There’s no question, it’s been a rough couple of years for General Motors. But, two recent showings at the Detroit Auto Show could signal a new direction for GM public relations … and public sentiment.
First, GM unveiled its “New and Improved” Chevrolet Volt. This next generation of GM’s signature plug-in hybrid vehicle received less hype at the show, but should prove to be a strong contender in an increasingly crowded – and somewhat convoluted – market segment.
The most obvious change is in the Volt’s appearance. Critics are calling the new look “softer and more conventional,” which should be a selling point for those who want a hybrid but don’t want that “electric car look.” Under the hood the Volt will offer an improved drive system, better battery pack and more efficient gasoline engine. Currently, the Volt can travel up to 35 miles before switching from electric to gas. According to released specs, the new Volt will travel up to 50 miles before switching over to gas. GM sets the estimated MPG at roughly 41, after the electric charge runs out. That’s an increase over the current 37 mpg estimates.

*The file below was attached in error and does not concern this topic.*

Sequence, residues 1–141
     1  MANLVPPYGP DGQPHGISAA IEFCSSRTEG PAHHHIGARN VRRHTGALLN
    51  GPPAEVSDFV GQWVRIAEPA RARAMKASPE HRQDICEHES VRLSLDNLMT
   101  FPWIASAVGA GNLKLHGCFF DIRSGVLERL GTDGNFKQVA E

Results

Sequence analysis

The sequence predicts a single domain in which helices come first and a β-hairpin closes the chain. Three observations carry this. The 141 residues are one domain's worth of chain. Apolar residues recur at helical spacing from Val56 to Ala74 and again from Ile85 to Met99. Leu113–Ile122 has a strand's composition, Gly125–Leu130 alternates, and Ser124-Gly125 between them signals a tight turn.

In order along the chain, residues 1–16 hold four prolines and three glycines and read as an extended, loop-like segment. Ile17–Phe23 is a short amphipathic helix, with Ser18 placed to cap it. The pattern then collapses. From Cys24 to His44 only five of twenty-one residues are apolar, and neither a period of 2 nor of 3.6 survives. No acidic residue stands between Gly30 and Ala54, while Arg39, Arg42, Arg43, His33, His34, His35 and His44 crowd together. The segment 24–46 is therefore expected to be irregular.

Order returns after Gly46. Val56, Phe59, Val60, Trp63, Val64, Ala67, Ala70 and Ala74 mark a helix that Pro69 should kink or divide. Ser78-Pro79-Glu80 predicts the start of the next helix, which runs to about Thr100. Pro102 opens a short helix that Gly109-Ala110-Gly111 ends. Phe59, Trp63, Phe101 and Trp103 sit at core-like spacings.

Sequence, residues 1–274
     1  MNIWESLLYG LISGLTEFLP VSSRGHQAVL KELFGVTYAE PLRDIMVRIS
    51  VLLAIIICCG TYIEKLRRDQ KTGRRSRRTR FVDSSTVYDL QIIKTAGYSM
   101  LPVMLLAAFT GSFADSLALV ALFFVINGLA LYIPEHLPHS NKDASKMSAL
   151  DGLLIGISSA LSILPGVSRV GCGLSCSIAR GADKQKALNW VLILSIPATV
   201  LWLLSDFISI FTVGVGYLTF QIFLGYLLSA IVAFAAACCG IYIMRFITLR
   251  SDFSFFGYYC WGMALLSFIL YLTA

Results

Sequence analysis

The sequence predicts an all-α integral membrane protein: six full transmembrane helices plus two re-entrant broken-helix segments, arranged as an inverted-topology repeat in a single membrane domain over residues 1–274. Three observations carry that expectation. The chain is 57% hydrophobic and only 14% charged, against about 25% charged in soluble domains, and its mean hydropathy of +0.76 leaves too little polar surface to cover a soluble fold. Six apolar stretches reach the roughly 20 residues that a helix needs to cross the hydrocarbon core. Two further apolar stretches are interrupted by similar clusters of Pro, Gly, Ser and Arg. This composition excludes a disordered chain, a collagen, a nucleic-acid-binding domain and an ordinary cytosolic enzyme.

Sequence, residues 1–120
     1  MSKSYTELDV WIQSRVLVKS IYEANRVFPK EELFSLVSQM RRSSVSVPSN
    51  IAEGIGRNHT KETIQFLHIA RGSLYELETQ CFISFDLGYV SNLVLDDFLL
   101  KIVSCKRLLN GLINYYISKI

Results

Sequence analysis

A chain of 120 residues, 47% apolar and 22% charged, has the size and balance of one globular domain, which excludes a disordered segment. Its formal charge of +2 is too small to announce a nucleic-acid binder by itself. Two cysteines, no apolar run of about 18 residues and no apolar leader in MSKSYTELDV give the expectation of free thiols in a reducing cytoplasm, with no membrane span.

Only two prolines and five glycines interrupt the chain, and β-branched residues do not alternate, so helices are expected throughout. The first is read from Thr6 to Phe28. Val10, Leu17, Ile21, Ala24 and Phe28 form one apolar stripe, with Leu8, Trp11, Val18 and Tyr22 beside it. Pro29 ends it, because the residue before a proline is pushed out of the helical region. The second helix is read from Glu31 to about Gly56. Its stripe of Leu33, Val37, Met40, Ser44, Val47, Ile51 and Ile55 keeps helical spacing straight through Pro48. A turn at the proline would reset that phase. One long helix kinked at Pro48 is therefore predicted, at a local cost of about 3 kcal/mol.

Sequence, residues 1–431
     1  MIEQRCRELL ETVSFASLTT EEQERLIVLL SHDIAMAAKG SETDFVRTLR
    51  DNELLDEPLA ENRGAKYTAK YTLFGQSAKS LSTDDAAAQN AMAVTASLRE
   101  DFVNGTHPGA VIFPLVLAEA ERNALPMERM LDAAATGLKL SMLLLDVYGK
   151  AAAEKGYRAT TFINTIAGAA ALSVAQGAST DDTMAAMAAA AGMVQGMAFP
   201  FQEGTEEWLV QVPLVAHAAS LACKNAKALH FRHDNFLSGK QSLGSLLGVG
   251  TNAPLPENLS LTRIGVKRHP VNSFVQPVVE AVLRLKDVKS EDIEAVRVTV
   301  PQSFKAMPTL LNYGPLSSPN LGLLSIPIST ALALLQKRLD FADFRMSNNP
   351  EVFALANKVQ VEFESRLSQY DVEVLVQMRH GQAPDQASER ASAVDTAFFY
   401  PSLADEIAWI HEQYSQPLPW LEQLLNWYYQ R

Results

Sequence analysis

But perhaps the best improvement in the Volt is in passenger room. A smaller battery will allow three passengers to fit, more or less comfortably, in the rear seat.
The second eye catcher is the small, all-electric Chevrolet Bolt. While the Bolt is currently just a concept car, the prototype definitely turned some heads and engaged interest for GM’s future. General Motors spokespeople said the company plans to begin retailing the Bolt in 2017. Made of aluminum, magnesium and carbon fiber, the Bolt is a lightweight entry into the subcompact marketplace. According to current specs, the car will have a 200-mile driving range on a full charge and come with a $30,000 price tag (after electric car tax incentives). Embattled and long suffering GM Chief Executive Mary Barra called the Bold “a real game changer.”
Industry watchdogs are already giving the Bolt a thumbs up, saying GM should reap serious benefits from the brand. Good news for GM, and for the American auto industry as a whole.